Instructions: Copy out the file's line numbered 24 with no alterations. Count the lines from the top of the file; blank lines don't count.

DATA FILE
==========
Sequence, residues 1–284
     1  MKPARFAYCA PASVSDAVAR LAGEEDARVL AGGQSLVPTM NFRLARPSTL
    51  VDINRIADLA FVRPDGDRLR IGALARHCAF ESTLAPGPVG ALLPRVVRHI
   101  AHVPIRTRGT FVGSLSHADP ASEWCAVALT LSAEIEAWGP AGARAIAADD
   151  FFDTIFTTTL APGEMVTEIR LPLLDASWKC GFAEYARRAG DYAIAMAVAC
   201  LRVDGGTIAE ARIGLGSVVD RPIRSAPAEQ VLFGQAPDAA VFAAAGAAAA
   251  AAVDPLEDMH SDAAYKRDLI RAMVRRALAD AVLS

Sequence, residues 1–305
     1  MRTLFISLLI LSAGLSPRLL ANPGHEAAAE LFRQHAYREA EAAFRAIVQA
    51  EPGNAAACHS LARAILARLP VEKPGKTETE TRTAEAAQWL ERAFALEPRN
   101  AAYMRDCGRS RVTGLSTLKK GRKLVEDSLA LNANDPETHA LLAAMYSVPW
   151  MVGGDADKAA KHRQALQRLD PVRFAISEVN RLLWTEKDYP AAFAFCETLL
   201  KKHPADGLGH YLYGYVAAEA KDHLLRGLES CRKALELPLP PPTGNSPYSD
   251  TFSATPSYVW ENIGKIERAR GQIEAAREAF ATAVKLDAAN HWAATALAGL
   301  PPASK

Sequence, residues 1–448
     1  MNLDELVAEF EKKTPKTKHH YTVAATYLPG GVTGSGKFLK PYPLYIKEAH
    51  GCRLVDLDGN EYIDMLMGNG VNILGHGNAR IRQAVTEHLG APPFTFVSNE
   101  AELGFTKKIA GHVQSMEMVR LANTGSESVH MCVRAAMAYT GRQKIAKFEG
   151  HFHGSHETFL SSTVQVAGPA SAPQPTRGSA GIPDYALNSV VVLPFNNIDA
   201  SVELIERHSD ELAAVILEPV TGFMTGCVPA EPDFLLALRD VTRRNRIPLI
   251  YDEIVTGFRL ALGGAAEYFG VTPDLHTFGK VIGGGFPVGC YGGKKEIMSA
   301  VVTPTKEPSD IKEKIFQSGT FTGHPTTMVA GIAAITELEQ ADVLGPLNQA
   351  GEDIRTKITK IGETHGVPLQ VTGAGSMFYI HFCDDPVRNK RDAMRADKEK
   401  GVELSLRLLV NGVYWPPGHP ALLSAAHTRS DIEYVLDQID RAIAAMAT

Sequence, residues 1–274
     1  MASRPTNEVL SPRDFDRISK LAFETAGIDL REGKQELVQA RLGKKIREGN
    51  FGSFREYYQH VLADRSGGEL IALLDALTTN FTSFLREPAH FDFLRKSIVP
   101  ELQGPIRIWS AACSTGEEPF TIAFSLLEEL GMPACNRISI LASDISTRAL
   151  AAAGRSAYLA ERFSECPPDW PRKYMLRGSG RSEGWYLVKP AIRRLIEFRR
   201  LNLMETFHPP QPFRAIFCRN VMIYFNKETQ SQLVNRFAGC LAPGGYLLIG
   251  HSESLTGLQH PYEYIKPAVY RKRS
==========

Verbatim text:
   351  GEDIRTKITK IGETHGVPLQ VTGAGSMFYI HFCDDPVRNK RDAMRADKEK